Cannibalized computers organize San Jose neighborhood
Originally appeared in the San Jose Mercury News on Feb. 22, 2011
By Joe Rodriguez
Mercury News Columnist
From her small, second-floor apartment in central San Jose, Silvia Montano logged onto her new computer to check her e-mail. Well, it’s not new at all. It’s so old, it almost became e-junk. But after some local geeks reformatted the machine, it has become her favorite tool for organizing and improving a neighborhood on the have-not side of the digital divide.
“At first, a computer was not that important to me,” said Montano, a Mexican immigrant, wife and mother. “Now I use it so we can have a better neighborhood, one that will become better for my children later.”
She is a block captain in McKinley Bonita, one of several working-class neighborhoods where 42 natural leaders just like her have received similar computers. They use them to report everything from broken streetlights to gang fights, organize after-school events, get newcomers to attend free English classes and generally get involved in their community. And all this cost taxpayers about $30. That’s right, no missing zeros here.
It would be nice to say this project was somebody’s brilliant idea for empowering the powerless and disconnected, but no. You could say it was the accidental offspring of a more modest idea.
A few years, ago Nvidia, a computer graphics company in Santa Clara, started Project Inspire. Rather than throw holiday parties for its own people, Nvidia invited schools and community groups to apply for $250,000 improvement grants. The catch was that Nvidia employees would work side-by-side with school parents and neighborhood folks.
The McKinley Bonita neighborhood association and elementary school teamed up with the city to apply, and they won. In 2009, about 1,000 Nvidia employees repainted the school and community center, landscaped the grounds and hooked up 74 computers for students and teens.
Almost as an afterthought, a few of those computers went into a small room in the community center for local adults to learn computing skills but not necessarily to organize themselves.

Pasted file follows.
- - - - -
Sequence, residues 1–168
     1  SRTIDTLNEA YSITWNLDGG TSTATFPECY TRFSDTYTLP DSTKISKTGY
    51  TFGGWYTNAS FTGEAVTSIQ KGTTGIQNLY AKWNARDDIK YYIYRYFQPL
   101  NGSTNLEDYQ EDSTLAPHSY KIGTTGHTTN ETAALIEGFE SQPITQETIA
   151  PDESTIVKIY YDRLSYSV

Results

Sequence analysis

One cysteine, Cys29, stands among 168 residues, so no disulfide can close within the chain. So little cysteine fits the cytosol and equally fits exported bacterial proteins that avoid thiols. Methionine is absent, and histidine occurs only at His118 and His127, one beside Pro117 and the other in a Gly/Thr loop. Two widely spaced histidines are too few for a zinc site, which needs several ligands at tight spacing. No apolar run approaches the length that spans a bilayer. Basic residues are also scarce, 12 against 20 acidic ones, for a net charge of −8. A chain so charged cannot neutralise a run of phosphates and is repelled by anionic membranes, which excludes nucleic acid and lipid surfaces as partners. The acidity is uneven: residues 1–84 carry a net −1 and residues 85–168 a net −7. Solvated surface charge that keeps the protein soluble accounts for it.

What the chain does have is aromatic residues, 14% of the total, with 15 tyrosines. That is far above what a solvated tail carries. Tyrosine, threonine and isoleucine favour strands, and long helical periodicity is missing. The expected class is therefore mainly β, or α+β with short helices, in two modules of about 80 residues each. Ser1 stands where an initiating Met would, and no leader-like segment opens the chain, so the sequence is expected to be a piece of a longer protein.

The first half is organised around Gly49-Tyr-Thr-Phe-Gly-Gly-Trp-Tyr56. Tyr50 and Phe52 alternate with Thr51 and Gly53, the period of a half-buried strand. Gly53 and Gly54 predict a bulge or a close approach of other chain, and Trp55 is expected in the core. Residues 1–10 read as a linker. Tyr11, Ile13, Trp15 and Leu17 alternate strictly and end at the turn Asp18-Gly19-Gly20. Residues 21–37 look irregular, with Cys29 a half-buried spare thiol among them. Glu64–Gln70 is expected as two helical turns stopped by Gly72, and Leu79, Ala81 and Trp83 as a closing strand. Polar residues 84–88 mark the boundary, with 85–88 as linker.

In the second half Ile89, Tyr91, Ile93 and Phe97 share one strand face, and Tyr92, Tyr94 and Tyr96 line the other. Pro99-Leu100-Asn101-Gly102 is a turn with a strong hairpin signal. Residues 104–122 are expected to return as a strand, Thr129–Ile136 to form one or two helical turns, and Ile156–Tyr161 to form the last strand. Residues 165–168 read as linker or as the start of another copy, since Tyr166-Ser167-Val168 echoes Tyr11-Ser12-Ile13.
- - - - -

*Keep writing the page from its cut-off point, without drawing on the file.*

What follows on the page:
“It was great, people came,” said Paul Pereira, a neighborhood manager for the city’s Strategic Neighborhoods Initiative. “But then they told us, ‘What good is it to have the computers here when we could be using them at home?’ ”
That’s where Sami Monsur literally came in for a look. She started the neighborhood association after buying a house there in 2007 but was having a hard time recruiting low-income Latino and Asian families. The group communicated by the cheaper and faster Internet, not by snail mail or fliers.
“Nobody had computers,” Monsur said about the poorest families. “They can’t afford them.” What to do?
A research analyst at San Jose State, she managed to scrounge up six computers on her own, hardly enough. But then she learned that the Upward Bound program on campus was getting new computers. Monsur persuaded a dean to donate 80 of the units to the McKinley neighborhood center.
She and Pereira found six computer geeks to cannibalize and rebuild the old machines. Basically, they combined chips and other stuff from the computers to produce 42 units that were able to navigate the Web and send e-mail at a decent speed. Two of the geeks were interns at a computer-repair training program for disabled students. Two were at-risk youth from a local summer program. The other two were neighborhood volunteers.
Some new parts had to be purchased, Pereira said, for just over $30 after rebates.
“You can’t complain about that!” he said.
Meanwhile, Pereira and Monsur looked for trustworthy low-income residents already active in local affairs; the ones who wouldn’t abandon e-organizing to play video games or gossip on social networks.
What keeps the project a bargain for taxpayers is that the families must pay for Internet service. Montano found a $39.99-a-month introductory offer she liked, but it will double after six months. She thinks she can continue to afford it, even though she and her husband, a landscaper and general laborer, are barely surviving the recession.
Pereira isn’t sure all of the 42 families receiving computers will do as well.
“Do you want Internet access, or do you want food?” he asked. “We don’t want families to get to that point.”
So he and Monsur are looking for a telecom do-gooder to donate low-cost “air cards” that could bring down the cost of Internet access to $15 or $20 a month.
No matter the price, Montano said the computer has made organizing her neighbors “easier and faster” and is surprised at how quickly she took to the Internet.
“I log onto it about eight or 10 times a day,” she said with a sheepish laugh. “Is that a lot? I don’t really know.”
It’s too early to tell how well the young project is doing or if it will continue. San Jose State could run out of old computers to donate, or the geeks may leave for real jobs. The project doesn’t even have an official name, because it is like the seed, carried by the wind, that flowers on a hill far away.